“Then David said to the Philistine, “You come to me with a sword, a spear, and a javelin, but I come to you in the name of the Lord of hosts, the God of the armies of Israel, whom you have taunted.” I Samuel 17:45
When Nathan was a young child, he was captivated by stories about heroes. He spent hours in his own costumes, doing battle with swords and shields against imaginary villains.
One night we were acting out the story of David and Goliath. Nathan wanted to be David, because he knew David was the hero. Clay, of course, was Goliath. He ad-libbed some taunts with his deep Goliath voice: “I defy you, men of Israel. Send out a man. Come and fight me!” And then, looking at Nathan, he bellowed, “Why, you’re just a boy. Am I a dog that you come to me with sticks? Are you a coward?” To which Nathan straightened his back, raised his sword, and shouted boldly back in his four-year-old voice, “Yes, I am!” He wasn’t sure what a coward was, but if he was the hero, he would be one with all his heart. We couldn’t contain our laughter, but we quickly recovered and went on to make sure the young hero David could slay Goliath.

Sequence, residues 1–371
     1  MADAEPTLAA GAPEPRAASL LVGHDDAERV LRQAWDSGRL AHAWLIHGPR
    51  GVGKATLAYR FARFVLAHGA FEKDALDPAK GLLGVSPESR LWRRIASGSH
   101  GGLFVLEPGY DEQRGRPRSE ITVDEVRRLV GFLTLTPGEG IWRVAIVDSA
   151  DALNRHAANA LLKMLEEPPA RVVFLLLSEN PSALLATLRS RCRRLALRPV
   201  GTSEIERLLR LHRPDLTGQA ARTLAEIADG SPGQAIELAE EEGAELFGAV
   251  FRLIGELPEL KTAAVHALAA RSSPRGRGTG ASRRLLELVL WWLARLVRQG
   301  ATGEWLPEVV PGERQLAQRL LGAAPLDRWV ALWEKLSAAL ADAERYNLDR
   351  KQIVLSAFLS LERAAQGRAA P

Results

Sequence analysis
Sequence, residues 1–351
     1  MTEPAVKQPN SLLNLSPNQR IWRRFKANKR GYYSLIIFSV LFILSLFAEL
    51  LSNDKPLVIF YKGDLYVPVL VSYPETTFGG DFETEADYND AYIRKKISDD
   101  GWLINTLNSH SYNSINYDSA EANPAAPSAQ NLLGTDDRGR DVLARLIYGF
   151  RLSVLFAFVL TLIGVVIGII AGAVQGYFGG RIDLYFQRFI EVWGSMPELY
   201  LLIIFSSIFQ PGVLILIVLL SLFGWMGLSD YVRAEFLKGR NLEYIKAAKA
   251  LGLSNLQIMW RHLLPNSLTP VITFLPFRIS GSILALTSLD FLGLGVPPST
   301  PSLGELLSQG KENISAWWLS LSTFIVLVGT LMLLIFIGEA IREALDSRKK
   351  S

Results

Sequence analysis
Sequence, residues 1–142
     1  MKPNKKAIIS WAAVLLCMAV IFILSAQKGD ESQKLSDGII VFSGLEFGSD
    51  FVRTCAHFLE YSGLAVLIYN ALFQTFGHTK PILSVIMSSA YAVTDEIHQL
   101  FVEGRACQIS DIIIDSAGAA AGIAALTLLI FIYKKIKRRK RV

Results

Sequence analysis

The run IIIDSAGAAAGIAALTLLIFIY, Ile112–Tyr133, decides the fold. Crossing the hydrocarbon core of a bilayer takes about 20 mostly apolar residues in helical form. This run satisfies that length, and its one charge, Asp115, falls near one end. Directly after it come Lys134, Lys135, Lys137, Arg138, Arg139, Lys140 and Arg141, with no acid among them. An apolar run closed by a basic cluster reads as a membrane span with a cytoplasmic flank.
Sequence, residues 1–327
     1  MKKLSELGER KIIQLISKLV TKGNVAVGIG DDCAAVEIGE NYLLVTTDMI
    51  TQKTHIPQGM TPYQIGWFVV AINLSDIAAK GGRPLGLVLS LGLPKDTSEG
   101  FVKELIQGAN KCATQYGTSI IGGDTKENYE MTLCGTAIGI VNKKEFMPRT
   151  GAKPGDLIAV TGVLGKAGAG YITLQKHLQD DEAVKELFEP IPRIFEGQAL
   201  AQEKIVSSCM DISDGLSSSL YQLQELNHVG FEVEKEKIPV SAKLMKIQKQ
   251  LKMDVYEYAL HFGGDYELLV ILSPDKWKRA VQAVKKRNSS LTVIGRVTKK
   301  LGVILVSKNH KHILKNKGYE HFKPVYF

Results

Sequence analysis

I look back on that night more than twenty years later and see more than just a fun family story. Even then, Nathan was putting hero stories into his heart. He would go on to inhabit other heroes in his childhood such as World War II hero Audie Murphy, Colonel William B. Travis of the Alamo, and his favorite hero, Superman. He told me once, “I think Superman is like Jesus because he came to earth to save people who needed help. That’s what I want to do with my life.” All those hero stories were cultivating in him a heart of faith.
Do your children have any specific heroes they identify with? Do you? If not, consider going on a hero-hunt—maybe together!